Bilyaletdinov 19, Gosling 76, Rodwell 90
MANCHESTER UNITED 1
Wayne Rooney’s return to Goodison Park was the centre of attention before kick-off but once the 90 minutes were over, it was the current batch of Everton players that were the talk of the town thanks to numerous sterling performances all over the field.
Manchester United dominated the opening 20 minutes, netting the goal they deserved when Dimitar Berbatov drilled Antonio Valencia’s cross home, but instead of taking the game by the scruff of the neck, United retreated and the Toffees were soon level. Jonny Evans failed to deal with a Phil Neville long ball and Diniyar Bilyaletdinov punished the Irishman with a thunderous shot that appeared to be heading wide to the extent that when the ball nestled in Edwin van der Sar’s goal there was a noticeable pause before Goodison erupted. Rooney soon had a glorious chance to score, rounding Tim Howard, but a poor touch allowed Neville to rob the England striker at the expense of a corner that came to nothing. Landon Donovan, again impressive, could have put Everton ahead before the break but fluffed his lines, instead leaving Dan Gosling to do the honours in the 76th minute. Jack Rodwell crowned the day with a choice solo effort in the final minute of normal time.
Rooney might have been the pre-match focus but Leon Osman outshined his fellow Everton academy graduate, controlling the midfield with poise reminiscent of Paul Scholes’ younger days. Rooney’s disappointment was not for lack of trying but rather lack of support, with Berbatov showing little after scoring, Valencia fading despite originally getting the better of Leighton Baines and Ji-Sung Park full of running but little invention. The No 10’s prospects were not helped by another superb John Heitinga outing, the Dutchman putting in a display the benched Nemanja Vidic would have been proud of and the unsteady Evans could only dream of.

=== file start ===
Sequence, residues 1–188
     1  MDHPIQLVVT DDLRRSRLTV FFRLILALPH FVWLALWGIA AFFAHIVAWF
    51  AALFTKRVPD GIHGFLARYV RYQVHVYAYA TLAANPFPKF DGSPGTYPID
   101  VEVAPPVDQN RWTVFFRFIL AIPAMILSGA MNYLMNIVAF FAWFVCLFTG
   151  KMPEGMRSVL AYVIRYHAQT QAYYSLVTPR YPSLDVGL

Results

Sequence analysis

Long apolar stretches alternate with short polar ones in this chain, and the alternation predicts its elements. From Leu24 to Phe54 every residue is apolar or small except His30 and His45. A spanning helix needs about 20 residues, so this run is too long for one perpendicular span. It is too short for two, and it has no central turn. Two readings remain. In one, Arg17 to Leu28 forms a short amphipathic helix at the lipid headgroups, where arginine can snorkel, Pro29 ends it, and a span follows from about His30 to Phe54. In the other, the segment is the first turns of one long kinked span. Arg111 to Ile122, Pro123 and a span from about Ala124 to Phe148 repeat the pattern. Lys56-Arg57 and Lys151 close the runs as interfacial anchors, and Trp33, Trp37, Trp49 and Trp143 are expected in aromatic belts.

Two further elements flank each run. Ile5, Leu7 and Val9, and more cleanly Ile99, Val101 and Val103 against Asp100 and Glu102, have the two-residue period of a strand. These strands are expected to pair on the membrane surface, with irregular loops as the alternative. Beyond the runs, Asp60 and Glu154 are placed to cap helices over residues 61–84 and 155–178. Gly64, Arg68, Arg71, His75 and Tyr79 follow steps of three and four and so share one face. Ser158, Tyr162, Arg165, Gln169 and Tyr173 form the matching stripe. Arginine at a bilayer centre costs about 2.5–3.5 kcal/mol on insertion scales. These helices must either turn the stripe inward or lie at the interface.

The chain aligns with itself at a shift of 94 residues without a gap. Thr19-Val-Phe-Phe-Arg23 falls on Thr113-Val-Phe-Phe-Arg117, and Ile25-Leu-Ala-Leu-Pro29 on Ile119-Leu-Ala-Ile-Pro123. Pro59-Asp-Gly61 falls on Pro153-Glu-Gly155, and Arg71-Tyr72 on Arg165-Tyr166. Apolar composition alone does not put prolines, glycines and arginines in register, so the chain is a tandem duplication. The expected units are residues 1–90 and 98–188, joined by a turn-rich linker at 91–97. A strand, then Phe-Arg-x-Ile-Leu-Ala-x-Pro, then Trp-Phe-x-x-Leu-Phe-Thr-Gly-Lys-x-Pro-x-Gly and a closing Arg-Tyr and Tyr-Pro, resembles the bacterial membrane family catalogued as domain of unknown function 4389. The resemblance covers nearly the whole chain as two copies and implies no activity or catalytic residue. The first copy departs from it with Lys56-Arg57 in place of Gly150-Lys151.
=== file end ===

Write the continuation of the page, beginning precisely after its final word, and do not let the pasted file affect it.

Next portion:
The ex-Everton striker was barely even the hub of Evertonians’ hatred, generating little more vitriol than any other former player who left under a cloud. Perhaps there has been a thawing between the two camps but more likely time and Everton’s development in the five-and-a-half years since Rooney left Merseyside, combined with the Blues’ performance today removed the need to antagonise the former hero. While his name was greeted with boos and the crowd revelled in any missteps, compared to the fury previous appearances at his former home created the reaction was as tame as United’s performance.
It is Everton that deserve discussion in the game’s aftermath however, as to concentrate on Rooney would be doing a disservice to the Toffees, such were the heights they reached in the winter sunshine. What could have been a terrible month for the Blues, with games against Liverpool, Chelsea and United as well as a two-legged tie with Sporting Lisbon and a trip to White Hart Lane, has instead provided some of the highlights of the season, none more so than this richly-deserved three points.